A website easy to use is always a plus
When I enter for the first time a website, I immediately notice how fast it loads. If your website is moving slow, your potential customers will probably click off. Find a good host for your website, so that it loads instantly, and it will be more likely for users to stay and browse through your store.
Also, it’s always a good idea to show your customers that it’s easy to buy something from your website. Make it clear that registration is easy, the shipping is free, and fast (there are just a few ecommerce companies that still charge for shipping), and specify that if they aren’t happy with their purchase, they can always return what they bought (as long as it is in perfect condition, of course).
There’s nothing more annoying than an online store that has no directions on how to buy from them.
Build a brand
All your growth hacking strategies and tactics should focus on building a brand. Nowadays, people are more oriented towards a brand. Offering quality products/services, and value the relationship with your customers should be your main goal, if you want to growth hack your ecommerce business the right way. If branding is something you successfully develop, then you got yourself customers for life.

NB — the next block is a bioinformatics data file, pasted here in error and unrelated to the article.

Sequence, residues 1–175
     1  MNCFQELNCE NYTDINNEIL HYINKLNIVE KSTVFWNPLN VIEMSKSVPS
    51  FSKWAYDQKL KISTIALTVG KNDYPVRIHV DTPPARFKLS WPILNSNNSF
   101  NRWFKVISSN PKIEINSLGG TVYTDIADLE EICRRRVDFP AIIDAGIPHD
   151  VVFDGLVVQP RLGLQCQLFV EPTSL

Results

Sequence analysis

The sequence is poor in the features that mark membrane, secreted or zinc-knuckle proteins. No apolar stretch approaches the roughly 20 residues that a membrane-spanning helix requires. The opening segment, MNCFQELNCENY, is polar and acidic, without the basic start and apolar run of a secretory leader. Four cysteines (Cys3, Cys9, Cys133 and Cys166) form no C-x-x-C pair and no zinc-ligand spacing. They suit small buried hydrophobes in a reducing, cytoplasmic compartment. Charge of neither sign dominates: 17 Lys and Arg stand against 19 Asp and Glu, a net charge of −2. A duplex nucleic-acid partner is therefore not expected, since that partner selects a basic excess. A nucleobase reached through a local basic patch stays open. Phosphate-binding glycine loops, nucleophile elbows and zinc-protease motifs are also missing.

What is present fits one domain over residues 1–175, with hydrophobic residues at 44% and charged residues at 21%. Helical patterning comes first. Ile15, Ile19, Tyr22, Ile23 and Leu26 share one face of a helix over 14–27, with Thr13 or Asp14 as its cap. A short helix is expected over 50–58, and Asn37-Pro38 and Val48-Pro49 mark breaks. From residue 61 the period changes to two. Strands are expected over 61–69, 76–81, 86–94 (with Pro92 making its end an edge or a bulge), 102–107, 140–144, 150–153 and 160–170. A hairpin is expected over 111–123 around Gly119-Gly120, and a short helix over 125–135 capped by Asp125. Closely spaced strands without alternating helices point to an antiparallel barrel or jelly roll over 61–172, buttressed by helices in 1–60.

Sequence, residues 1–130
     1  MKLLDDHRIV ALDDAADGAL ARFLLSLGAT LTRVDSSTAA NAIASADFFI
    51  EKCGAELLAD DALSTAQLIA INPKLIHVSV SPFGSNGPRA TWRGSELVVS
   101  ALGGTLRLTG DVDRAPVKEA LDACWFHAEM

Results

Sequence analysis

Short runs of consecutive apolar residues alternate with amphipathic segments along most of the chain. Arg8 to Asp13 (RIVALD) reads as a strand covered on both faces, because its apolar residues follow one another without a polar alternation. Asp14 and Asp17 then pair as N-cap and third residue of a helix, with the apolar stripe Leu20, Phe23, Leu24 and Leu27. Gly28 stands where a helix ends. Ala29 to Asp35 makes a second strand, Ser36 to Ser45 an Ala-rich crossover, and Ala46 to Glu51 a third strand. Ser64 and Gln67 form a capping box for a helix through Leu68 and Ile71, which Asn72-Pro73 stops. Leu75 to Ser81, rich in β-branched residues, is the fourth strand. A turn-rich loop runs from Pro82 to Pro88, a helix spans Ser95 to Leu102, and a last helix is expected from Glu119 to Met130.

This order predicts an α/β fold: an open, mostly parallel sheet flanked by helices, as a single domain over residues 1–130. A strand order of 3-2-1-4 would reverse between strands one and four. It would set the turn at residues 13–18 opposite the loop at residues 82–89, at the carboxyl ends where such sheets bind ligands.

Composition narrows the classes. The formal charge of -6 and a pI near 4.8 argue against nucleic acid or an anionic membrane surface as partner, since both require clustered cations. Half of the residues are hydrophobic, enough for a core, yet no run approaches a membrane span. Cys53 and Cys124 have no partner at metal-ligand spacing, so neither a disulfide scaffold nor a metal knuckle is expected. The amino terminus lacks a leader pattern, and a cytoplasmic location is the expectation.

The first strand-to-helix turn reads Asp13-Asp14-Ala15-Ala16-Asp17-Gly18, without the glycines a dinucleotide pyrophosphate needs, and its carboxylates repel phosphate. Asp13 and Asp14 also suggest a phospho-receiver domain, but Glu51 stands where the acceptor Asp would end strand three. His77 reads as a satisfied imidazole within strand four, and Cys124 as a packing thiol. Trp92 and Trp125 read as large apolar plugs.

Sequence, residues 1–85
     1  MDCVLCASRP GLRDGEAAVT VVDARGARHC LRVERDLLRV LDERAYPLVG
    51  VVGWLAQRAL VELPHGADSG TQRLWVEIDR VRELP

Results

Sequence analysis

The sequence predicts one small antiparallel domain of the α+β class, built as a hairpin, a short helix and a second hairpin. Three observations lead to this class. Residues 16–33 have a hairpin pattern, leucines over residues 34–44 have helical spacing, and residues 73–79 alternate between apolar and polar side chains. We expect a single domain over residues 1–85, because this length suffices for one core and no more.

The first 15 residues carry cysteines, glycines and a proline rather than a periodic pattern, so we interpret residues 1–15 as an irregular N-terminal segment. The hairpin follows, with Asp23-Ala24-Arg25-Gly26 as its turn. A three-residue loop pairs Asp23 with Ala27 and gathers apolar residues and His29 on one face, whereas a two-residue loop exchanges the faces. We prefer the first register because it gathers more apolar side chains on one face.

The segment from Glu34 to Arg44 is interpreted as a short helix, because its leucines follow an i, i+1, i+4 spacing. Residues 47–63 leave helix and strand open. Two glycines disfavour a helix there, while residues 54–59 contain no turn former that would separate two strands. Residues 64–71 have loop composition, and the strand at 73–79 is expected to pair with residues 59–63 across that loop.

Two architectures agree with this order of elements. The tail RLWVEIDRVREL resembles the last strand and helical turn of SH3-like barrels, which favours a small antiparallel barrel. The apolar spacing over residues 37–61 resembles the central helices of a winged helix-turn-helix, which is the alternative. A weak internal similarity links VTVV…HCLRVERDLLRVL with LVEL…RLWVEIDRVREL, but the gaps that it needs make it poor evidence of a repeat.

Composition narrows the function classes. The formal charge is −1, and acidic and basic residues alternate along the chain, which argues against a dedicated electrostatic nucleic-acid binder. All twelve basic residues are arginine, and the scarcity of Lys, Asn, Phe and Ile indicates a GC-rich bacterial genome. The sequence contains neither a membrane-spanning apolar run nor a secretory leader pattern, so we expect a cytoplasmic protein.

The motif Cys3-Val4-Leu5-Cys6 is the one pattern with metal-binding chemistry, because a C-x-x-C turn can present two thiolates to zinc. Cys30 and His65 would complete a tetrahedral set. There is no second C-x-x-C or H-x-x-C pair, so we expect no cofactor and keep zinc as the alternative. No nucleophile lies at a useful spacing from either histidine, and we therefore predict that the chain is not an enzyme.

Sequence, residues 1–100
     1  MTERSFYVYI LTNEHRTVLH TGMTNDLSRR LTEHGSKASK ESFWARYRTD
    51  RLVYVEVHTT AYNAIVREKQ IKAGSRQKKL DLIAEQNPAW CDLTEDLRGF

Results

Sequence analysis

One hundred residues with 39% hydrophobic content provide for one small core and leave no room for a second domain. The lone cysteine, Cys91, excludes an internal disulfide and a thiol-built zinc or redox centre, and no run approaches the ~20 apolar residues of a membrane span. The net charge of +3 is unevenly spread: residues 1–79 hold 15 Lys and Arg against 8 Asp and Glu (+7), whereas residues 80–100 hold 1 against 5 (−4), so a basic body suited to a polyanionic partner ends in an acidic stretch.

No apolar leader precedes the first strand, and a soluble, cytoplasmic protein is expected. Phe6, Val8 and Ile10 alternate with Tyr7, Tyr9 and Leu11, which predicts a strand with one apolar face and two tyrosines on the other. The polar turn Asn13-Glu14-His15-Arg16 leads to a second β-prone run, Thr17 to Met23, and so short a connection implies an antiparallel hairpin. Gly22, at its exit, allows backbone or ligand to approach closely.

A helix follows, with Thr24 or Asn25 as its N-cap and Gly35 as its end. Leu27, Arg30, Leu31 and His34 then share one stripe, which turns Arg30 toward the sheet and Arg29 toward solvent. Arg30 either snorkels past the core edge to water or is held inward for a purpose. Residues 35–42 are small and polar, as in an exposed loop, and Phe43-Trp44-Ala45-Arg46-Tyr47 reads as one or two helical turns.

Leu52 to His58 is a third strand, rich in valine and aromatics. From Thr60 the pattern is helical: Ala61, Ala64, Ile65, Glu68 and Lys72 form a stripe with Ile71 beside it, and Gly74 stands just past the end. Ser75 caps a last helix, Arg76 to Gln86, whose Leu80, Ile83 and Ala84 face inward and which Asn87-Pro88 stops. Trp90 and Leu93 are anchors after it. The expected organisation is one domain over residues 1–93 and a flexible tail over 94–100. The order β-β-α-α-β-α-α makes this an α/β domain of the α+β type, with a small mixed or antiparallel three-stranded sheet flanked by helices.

Be customer oriented
Speaking of customers… Sure, building a brand will not spare you of all the problems that might pop up. You need to maintain the image you created through a customer oriented culture. Admit when you’re wrong, and when you made a mistake, and apologize. Build a support platform, through which your customers will be able to reach you, and ask for help.
According to an article on Business2community, on Black Friday “40 percent of all online shopping was carried out via a mobile device”. That being said, if your website is not mobile friendly, your ecommerce business is pretty much dead and buried. Smartphones are becoming more and more advanced, so people will use their phones more and more to buy what they need, instead of waiting to get home, and browse your website from their desktop, or laptop. Make sure that your website is compatible with Android, and iOS devices, or Windows phone (if everyone still uses that).
Testimonials are a great way to show people that they can trust you, if they’ve never heard of you. Think about it. You’ll most likely buy a product that has positive reviews, instead of one that has none. A good testimonial should tell you how the product/service helped that person solve the problem he had.